Why Is Friendship So Hard?

August 17, 2015

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Jonathan Holmes

Since the publication of The Company We Keep (TCWK), it’s been encouraging to see more being written on the topic of friendship here at the BCC. One of the ongoing questions I’ve received since writing TCWK is in regards to the difficulty of forming friendships in the church.

I’m reminded of an article in the New York Times from Ben Schrank[1] who asked a similar question. In the article, Schrank details his friendship with Dan: photographed as infants together at 6 months old, elementary through graduate school shared with one another, groomsmen at one another’s weddings, mutual family vacations…then suddenly their friendship ended. What in the world happened? Schrank explained:

“There was no cinematic blowup: it just evaporated. I believe I disappointed or annoyed or let Dan down in some way, and he chose to end the friendship rather than to confront me. Dan and I haven’t spoken for over a year, save a cool encounter at that same mutual friend’s holiday party.

Men no longer know how to fight. Don’t get me wrong—we know how to confront strangers when they cut in line at the butcher’s or block the door on the subway. What we don’t know how to do is have the kind of unpleasant talks that articulate feelings to real friends when those friends ignore our wives at a dinner, or don’t think to call us when we are fired. Instead, we either shrug off the slight or end the friendship.”

Towards the end of the article, Schrank surmises about what went wrong, and how it can be put back together. He concludes:

“I would love to say that I am psyching myself up to stop caring about what is expected of me and sit down and hash things out with Dan. I would be lying, though.

Imagine it. I’d have to call (and that’s already a nonstarter because then I’d be using a phone), but imagine anyway. I call Dan and say: ‘I feel sad that we had a falling out. I care about you. I would like us to be friends. What did I do wrong? Come on, yell at me. I can take it.’ Not happening. Dan has two children and a wife, a staff, innumerable obligations; he’s a busy man. I care about him too much to fight with him. So no, I’ll never reach out to him and say all that stuff.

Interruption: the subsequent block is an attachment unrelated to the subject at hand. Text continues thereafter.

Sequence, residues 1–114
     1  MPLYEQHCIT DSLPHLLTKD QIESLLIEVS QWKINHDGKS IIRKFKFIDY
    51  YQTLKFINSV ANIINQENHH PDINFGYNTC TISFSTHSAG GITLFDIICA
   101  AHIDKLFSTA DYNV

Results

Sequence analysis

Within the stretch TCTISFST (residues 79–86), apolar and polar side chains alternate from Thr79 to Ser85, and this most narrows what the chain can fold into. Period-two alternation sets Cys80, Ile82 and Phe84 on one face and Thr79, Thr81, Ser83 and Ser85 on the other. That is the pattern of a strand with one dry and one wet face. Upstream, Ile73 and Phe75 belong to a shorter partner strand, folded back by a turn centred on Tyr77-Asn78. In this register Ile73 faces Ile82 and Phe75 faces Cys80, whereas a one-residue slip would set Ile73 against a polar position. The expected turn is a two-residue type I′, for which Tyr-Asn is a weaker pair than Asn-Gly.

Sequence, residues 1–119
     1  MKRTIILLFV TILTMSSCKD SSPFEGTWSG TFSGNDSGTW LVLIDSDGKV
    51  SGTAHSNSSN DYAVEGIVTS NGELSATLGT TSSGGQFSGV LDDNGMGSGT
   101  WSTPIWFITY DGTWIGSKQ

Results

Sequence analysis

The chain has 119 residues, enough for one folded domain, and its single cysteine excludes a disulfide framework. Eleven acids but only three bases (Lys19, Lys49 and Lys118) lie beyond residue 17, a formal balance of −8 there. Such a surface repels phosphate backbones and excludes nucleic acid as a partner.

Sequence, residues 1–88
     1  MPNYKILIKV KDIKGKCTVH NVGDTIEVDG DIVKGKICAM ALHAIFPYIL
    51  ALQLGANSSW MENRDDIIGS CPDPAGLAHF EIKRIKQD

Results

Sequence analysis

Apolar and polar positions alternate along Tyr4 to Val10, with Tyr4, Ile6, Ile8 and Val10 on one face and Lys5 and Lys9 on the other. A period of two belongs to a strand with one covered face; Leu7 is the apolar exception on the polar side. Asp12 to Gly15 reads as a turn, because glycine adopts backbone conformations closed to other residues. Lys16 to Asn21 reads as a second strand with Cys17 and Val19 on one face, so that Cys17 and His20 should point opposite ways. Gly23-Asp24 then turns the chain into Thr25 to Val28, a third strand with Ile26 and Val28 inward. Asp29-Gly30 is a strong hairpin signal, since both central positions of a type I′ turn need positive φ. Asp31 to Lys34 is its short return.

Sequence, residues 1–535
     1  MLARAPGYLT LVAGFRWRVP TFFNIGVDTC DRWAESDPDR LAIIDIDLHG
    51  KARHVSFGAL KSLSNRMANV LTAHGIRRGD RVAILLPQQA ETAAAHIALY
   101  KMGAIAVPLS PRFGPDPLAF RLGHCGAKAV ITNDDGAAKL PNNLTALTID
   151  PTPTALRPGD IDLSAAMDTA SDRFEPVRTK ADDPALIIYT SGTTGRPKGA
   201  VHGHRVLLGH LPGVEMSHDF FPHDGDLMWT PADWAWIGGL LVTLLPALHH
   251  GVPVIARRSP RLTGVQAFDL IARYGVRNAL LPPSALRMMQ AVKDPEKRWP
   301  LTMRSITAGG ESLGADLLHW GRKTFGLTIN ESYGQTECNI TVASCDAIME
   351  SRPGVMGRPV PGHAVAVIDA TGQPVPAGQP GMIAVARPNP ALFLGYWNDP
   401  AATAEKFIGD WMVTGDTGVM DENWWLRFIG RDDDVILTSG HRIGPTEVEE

But Dan, if you are reading, let it be known: I miss you, man.”

If you’re curious as to what the prevailing sentiment of the day is regarding friendship, Schrank, I believe, offers an insightful glimpse and microcosm into what makes friendship so hard: self-sacrifice.

In a secular economy of friendship, self-sacrifice has no significant place. Why should it, after all? Friendship is about my needs, my wants, and my desires. Secular friendship is more about compatibility than Christ, more about comfort than cruciform love.

Yet, as you read the pages of Scripture, you see Christ-centered friendships must embody this singular characteristic of self-sacrifice if they’re going to resemble God’s pattern. If the pre-eminent expression of Christ’s movement to us is that He is a Savior who moves towards us in self-sacrificing love and redemption, then why should it surprise us that self-sacrificial love is what best embodies the true heart of friendship?

Recently my wife and I had a conversation, which brought this to surface. I realized in many ways, I had grown slack in this area. I wanted friendships that were more 9-to-5 and comfortable for my schedule. I wanted friendships where generosity was present, but not to the extent where it hurt my bank account. I wanted friendships where there were more joys than sorrows, more laughter than lament.

Unfortunately, many Christians struggle in a similar manner. We want all the benefits of a friendship with none of the responsibilities. We want the success of friendship without the self-sacrifice.

May we reflect and meditate today on Christ who self-sacrificially gave of himself to be in friendship with you and I. And may that spur us on to self-sacrificially pursue friendships.

Join the Conversation 

What role does Christlike sacrificial love play in your friendships?

[1]Ben Schrank, “Can’t Guys Just Learn to Fight for a Friendship?” The New York Times, October 26, 2012. http://www.nytimes.com/2012/10/28/fashion/cant-guys-just-learn-to-fight-for-a-friendship.html?_r=0. Accessed 31 July 2015.